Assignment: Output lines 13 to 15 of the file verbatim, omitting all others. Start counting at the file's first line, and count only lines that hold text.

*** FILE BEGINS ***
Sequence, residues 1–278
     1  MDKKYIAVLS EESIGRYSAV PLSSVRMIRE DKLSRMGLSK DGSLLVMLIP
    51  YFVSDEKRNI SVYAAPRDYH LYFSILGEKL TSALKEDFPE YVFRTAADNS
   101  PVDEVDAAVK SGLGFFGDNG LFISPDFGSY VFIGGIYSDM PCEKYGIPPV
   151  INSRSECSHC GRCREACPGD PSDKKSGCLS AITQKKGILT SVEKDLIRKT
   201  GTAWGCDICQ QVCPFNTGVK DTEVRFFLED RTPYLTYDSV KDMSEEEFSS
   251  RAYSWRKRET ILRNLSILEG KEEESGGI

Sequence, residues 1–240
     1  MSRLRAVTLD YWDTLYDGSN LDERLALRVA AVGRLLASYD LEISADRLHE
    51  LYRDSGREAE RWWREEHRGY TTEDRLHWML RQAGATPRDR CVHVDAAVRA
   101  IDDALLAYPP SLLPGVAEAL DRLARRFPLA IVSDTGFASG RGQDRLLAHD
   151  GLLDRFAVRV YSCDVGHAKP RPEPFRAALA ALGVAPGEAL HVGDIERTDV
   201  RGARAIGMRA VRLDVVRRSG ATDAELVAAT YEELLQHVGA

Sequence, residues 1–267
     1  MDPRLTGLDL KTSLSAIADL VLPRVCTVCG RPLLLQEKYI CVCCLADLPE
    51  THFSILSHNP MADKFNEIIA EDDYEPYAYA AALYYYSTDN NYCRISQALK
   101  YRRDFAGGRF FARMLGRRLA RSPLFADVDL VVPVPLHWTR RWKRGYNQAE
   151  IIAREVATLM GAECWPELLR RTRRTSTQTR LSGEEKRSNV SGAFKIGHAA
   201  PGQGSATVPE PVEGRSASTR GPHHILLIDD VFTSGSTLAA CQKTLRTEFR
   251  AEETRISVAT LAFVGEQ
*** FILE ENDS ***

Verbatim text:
   201  RGARAIGMRA VRLDVVRRSG ATDAELVAAT YEELLQHVGA

Sequence, residues 1–267
     1  MDPRLTGLDL KTSLSAIADL VLPRVCTVCG RPLLLQEKYI CVCCLADLPE